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Thread: I know nothing about free motion!

  1. #1
    Senior Member leakus's Avatar
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    I see so many beautiful quilts here and wonder if I would ever learn to do an even stitch. I think I just have to practice but check out this website I came across thanks to somebody posting it in other thread.

    http://www.daystyledesigns.com/365project.htm

    I didn't know how to create a hyperlink, so just copy and paste the address above into your browser.
    I think this is what I needed to get inspiration and try FMQ.

  2. #2
    Power Poster amma's Avatar
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    There are so many fun FMQ designs on this site :D:D:D
    Love her videos too!

  3. #3
    Power Poster Prism99's Avatar
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    That *is* a working hyperlink! It works whenever you type in (or cut and paste) the complete url.

  4. #4
    Senior Member leakus's Avatar
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    I see- it didn't seem to work while I was copying it.
    thanks amma.

  5. #5
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    Leah Day has so much helpful information to get you started with FMQ. I doubt I would have continued trying to learn if I hadn't found her site (daystyledesigns.com). Her blog is good, also. Check out her videos showing how to set up your machine area, well, and everything else! Have fun!

  6. #6
    Super Member thepolyparrot's Avatar
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    Leah always has interesting stuff on her site. And don't worry - you'll get a nice stitch with practice. Until then, remember that when you wash your quilt, the quilting will be camoflaged and it will look perfect. :) I never pre-wash my quilt fabrics for this reason. I like the quilt to shrink up and wrinkle like an antique and hide all my mistakes.

  7. #7
    Super Member leaha's Avatar
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    I am so with you on this I like the look of my quilts when they are washed after it is quilted, so do not pre-wash my fabrics, I do test them for color fastness.



    Quote Originally Posted by thepolyparrot
    Leah always has interesting stuff on her site. And don't worry - you'll get a nice stitch with practice. Until then, remember that when you wash your quilt, the quilting will be camoflaged and it will look perfect. :) I never pre-wash my quilt fabrics for this reason. I like the quilt to shrink up and wrinkle like an antique and hide all my mistakes.

  8. #8
    Super Member Rainbow's Avatar
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    I have tried and tried and tried and tried to learn FMQ - all to no avail ... until someone asked me if I was trying in with cotton thread...??? No, not me, THUS MY PROBLEM. This weekend I did some FMQ with cotton thread and NO PROBLEM...Of course, I used my quilting gloves to move the material around. I'm ADDICTED !!!!!!!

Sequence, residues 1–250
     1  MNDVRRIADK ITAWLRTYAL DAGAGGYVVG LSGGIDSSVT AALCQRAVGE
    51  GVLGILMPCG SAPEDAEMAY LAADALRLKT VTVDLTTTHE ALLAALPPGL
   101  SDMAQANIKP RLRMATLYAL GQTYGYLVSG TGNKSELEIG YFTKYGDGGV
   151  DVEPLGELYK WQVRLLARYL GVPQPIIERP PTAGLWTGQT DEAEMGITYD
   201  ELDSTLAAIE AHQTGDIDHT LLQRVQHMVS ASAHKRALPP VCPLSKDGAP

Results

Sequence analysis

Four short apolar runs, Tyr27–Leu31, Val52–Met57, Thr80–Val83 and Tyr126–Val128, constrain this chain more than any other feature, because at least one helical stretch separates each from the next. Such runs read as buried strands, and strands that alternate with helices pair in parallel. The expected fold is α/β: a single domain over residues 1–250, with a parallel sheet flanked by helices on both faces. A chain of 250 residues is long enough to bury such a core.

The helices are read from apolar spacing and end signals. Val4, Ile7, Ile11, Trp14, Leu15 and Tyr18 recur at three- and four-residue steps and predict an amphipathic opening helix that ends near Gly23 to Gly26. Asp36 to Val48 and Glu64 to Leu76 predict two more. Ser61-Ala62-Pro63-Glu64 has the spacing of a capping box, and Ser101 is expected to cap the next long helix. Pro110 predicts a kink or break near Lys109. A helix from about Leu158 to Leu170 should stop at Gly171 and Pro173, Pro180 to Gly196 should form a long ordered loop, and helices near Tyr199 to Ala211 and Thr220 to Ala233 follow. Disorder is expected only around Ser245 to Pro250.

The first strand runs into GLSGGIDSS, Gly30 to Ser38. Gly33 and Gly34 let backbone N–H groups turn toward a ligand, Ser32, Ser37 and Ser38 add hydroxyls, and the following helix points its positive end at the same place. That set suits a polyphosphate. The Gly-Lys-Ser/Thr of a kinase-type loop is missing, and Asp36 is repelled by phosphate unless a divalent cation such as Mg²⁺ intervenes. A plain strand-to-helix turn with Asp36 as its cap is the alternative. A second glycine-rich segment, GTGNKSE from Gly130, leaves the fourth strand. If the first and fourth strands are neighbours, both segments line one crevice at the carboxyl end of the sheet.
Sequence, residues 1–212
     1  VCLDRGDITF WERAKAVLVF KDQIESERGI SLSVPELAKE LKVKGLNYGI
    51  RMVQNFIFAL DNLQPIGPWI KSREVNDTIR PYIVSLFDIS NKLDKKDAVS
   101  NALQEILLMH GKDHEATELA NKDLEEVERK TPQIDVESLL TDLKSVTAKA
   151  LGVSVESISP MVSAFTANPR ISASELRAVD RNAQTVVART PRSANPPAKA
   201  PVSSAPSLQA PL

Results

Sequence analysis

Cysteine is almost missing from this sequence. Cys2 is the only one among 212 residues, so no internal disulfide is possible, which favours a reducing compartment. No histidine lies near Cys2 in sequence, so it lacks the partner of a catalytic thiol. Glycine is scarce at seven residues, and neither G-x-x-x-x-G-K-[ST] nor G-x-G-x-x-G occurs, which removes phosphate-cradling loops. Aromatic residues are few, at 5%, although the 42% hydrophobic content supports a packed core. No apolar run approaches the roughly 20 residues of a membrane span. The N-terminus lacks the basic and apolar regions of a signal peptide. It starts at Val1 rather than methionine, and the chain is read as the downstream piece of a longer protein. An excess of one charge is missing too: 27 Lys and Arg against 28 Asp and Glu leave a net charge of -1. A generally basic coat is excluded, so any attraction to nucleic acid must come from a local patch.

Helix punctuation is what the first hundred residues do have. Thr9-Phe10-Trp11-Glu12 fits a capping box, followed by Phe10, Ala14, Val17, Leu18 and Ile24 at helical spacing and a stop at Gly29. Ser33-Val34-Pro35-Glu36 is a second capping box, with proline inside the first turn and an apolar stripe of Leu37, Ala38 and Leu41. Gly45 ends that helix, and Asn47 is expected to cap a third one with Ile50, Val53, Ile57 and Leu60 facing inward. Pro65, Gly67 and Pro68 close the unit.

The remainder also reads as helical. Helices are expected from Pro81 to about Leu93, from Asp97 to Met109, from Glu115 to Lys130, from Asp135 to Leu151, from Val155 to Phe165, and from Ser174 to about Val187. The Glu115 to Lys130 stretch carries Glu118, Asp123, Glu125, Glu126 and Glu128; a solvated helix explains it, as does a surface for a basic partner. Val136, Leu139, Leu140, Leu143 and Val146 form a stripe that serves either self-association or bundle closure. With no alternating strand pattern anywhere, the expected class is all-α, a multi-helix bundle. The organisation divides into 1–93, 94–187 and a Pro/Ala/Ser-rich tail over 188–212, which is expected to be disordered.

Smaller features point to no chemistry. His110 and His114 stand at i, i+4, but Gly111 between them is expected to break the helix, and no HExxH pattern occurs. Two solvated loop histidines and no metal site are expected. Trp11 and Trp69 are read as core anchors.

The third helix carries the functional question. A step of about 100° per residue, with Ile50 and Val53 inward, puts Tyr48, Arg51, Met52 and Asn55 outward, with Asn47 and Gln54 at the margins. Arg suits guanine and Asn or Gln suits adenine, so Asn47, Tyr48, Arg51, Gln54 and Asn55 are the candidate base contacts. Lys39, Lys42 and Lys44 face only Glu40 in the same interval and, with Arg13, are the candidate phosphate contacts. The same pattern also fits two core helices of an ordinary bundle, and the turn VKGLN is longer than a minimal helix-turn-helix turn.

9. #9
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    Great site and FM ideas.....Love it Thanks

  10. #10
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    Thanks for the site. I could use some inspiration myself!

  11. #11
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    thanks for the info I certainly will be checking out that site. I have never done machine quilting and want to learn & need all the help I can get. :D

  12. #12
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    Anyone know of a site for med arm FM quilting? I've been looking.Illsa

  13. #13
    Power Poster sewbizgirl's Avatar
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    Wow, thank you! Her quilting is AMAZING! Maybe I can figure out how to space out some of those designs.... I don't like quite that much concentration of thread. I want the quilt to retain some of it's loft, and also can you imagine how much $$ in thread you will go through doing an entire quilt that way? Hers are beautiful, tho. Works of art with thread...

  14. #14
    Senior Member leakus's Avatar
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    I am with you sewbizgirl, it happened to me that I quilted a twin quilt for my son and because I mimic water I quilted it really close, well, it is not soft at all. On top of that, I there was a lecture at my guild and the teacher who does long arm quilting explained that in order for a quilt to "look" nice, the quilt has to be even throut the quilt so if you quilt it a lot in one section you might need to continue. But I guess we can always space out as you said.
    Just theory because "I know nothing about FMQ"

  15. #15
    Power Poster sewbizgirl's Avatar
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    We learn as we go, huh? Too much quilting too close creates cardboard... that's what I've found. I still want them soft and cozy. I find I like the stitching about an inch apart, for polyester batting.

    Quote Originally Posted by leakus
    I am with you sewbizgirl, it happened to me that I quilted a twin quilt for my son and because I mimic water I quilted it really close, well, it is not soft at all. On top of that, I there was a lecture at my guild and the teacher who does long arm quilting explained that in order for a quilt to "look" nice, the quilt has to be even throut the quilt so if you quilt it a lot in one section you might need to continue. But I guess we can always space out as you said.
    Just theory because "I know nothing about FMQ"

  16. #16
    Power Poster Prism99's Avatar
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    For close quilting, it helps a lot to use a finer thread than normal -- doesn't come out so stiff.

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